Mike, would you co-sign a loan so one of your kids could buy a vehicle?
My dad co-signed for me to purchase a truck when I was a rising sophomore in college. I was thankful, and it was never a problem. I paid the loan off in full. (All 60 payments at $121.83)
But, since then I’ve been through Crown Financial Ministries small group study and pay attention to other financial stewardship teachings. I have a better understanding of God’s plans for how we are to manage our finances. (Not to say that we get it all right, we certainly don’t.) The Bible says plenty about not taking on the debts of others. (See the articles below.)
I also think I wouldn’t do it because I don’t want to establish that precedent for our kids. I don’t want to be an ogre, but I encourage our kids to avoid debt as much as possible and especially avoid overextending themselves. Let’s face it, that’s why a co-signer is necessary. So, I wouldn’t co-sign for them. I don’t think it’s wise and I don’t want to establish that precedent for our kids.
The lender has determined that the borrower is not a good risk, so they need assurance that the loan will be repaid. They need ‘surety’.
One of our sons is anxious to purchase a truck. Stacy and I aren’t convinced that it’s necessary, prudent or wise. We’ve had some hard conversations about the situation but also some very helpful conversations about what owning a vehicle actually costs and how it would likely create other opportunities to spend money that would be in shorter supply.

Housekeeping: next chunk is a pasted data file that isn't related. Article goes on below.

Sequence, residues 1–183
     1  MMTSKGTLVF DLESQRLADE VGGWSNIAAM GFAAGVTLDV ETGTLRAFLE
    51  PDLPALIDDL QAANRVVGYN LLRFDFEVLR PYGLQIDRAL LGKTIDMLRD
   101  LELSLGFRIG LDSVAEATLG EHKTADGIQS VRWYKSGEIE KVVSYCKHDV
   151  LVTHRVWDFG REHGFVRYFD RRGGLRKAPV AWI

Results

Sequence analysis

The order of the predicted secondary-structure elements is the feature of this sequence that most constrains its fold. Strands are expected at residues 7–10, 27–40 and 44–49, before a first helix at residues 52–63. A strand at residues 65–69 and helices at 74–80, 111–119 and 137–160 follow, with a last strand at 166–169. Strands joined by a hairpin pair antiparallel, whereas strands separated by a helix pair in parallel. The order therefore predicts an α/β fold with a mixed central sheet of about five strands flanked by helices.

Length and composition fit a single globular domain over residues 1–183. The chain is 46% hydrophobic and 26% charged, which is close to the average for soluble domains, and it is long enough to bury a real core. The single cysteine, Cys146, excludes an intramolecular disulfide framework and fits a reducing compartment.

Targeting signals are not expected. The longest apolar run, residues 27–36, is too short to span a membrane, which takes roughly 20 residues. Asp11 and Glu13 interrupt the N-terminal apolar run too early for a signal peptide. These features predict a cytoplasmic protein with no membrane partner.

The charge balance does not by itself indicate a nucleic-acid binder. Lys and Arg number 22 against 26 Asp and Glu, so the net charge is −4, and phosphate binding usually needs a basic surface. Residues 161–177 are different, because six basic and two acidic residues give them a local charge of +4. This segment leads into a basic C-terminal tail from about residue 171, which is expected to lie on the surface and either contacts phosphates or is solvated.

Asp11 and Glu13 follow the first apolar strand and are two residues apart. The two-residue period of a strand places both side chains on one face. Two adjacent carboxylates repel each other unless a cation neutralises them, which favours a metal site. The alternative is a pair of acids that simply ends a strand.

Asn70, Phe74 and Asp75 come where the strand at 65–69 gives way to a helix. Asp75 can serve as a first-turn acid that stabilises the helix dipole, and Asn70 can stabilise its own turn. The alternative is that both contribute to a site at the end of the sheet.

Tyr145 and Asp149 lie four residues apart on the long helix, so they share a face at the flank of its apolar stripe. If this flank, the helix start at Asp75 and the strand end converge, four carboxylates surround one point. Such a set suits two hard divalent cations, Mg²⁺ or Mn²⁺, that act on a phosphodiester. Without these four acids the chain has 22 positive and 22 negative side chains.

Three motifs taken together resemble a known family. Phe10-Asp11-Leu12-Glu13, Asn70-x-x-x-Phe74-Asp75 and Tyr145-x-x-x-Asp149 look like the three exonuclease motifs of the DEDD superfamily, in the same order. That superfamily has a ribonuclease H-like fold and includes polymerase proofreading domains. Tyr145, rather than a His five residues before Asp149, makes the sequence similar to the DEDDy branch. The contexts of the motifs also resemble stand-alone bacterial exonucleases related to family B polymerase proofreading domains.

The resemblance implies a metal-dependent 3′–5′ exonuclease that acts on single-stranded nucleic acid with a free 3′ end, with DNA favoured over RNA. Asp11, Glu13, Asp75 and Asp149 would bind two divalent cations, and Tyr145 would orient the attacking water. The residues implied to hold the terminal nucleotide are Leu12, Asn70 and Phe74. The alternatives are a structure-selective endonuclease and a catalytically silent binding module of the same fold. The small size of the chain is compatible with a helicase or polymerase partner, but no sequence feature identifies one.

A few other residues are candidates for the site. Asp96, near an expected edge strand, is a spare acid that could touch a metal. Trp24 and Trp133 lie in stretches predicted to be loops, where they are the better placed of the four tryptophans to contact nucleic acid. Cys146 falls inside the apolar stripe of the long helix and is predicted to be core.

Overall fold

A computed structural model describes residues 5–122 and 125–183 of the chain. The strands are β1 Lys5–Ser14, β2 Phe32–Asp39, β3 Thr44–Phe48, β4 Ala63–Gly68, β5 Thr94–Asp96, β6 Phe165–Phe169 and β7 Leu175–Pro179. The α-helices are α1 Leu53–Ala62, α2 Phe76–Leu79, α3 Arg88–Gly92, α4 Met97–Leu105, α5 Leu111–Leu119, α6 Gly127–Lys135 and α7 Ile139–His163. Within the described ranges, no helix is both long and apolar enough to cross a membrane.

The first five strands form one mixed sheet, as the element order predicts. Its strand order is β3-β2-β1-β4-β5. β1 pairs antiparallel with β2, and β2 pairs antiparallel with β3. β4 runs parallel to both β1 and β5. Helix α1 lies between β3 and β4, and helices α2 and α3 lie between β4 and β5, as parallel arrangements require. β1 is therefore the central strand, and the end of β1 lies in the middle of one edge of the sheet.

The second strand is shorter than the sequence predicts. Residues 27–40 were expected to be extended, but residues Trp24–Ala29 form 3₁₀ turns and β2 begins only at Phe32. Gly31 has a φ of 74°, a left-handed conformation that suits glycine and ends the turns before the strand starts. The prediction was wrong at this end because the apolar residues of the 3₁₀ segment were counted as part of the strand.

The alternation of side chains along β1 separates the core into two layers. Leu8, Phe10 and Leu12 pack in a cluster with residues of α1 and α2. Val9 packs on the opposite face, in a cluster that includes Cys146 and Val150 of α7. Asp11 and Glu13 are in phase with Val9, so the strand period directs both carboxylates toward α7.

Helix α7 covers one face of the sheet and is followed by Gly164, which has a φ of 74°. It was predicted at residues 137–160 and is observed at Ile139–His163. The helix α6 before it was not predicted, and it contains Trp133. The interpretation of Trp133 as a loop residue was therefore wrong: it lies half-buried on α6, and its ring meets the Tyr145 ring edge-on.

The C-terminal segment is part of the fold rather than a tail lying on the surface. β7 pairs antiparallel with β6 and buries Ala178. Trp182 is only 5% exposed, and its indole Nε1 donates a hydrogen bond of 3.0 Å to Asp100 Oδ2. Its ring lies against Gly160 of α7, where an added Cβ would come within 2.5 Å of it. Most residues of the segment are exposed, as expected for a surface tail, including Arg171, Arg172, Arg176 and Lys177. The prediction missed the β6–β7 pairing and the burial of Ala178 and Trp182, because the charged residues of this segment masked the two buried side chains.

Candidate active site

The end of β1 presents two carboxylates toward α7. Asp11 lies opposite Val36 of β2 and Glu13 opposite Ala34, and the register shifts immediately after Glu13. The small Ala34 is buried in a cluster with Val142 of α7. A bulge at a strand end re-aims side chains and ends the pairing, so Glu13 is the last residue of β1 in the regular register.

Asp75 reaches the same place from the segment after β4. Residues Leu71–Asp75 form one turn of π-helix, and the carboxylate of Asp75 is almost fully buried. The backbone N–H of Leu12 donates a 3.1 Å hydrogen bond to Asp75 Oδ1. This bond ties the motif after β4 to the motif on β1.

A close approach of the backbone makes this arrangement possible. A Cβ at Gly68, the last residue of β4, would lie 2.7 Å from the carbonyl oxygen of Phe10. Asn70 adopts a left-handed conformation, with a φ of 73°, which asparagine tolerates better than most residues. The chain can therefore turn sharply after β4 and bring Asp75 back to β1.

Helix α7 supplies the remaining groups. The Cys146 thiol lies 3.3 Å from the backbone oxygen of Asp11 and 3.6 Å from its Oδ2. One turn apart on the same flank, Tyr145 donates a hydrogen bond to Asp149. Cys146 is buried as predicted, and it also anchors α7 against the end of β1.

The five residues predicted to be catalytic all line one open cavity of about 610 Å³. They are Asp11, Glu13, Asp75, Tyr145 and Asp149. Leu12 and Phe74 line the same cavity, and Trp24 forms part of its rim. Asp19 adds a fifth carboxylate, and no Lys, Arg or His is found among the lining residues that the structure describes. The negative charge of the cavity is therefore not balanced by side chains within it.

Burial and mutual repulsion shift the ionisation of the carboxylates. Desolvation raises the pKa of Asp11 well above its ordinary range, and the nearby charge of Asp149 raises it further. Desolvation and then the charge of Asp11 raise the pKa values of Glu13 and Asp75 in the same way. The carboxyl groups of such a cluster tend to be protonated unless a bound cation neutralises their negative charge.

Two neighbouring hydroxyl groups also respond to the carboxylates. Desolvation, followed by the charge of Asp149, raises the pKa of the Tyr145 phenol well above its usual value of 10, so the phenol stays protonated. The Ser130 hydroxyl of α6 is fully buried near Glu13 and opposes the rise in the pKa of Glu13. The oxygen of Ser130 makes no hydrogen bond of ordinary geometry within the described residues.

Our son knows that we will not co-sign for him. (Trouble is, he could secure a loan for a surprisingly large sum of money without our involvement.) He also knows that we’re open to helping him find an affordable, reliable vehicle that will meet his needs a bit later. He’s working hard and saving his money.
Here are a couple of helpful articles:
“Surety is a principle—not a law. Although the violation of the principle does not carry punishment–like violating a law of God would–it’s violation does carry negative consequences.”
“The reason the person needs a co-signer is because the lender doesn’t have confidence he/she can pay. Could it be that we perpetuate the problems of poor credit or money management issues by co-signing?”
“The thing you just need to understand is since your sister’s not paying it, you will. They’re going to treat you just like it was your loan. That is what a co-sign is. You are a co-maker on the loan. Both of you borrowed the money. That’s what the law says about that.”
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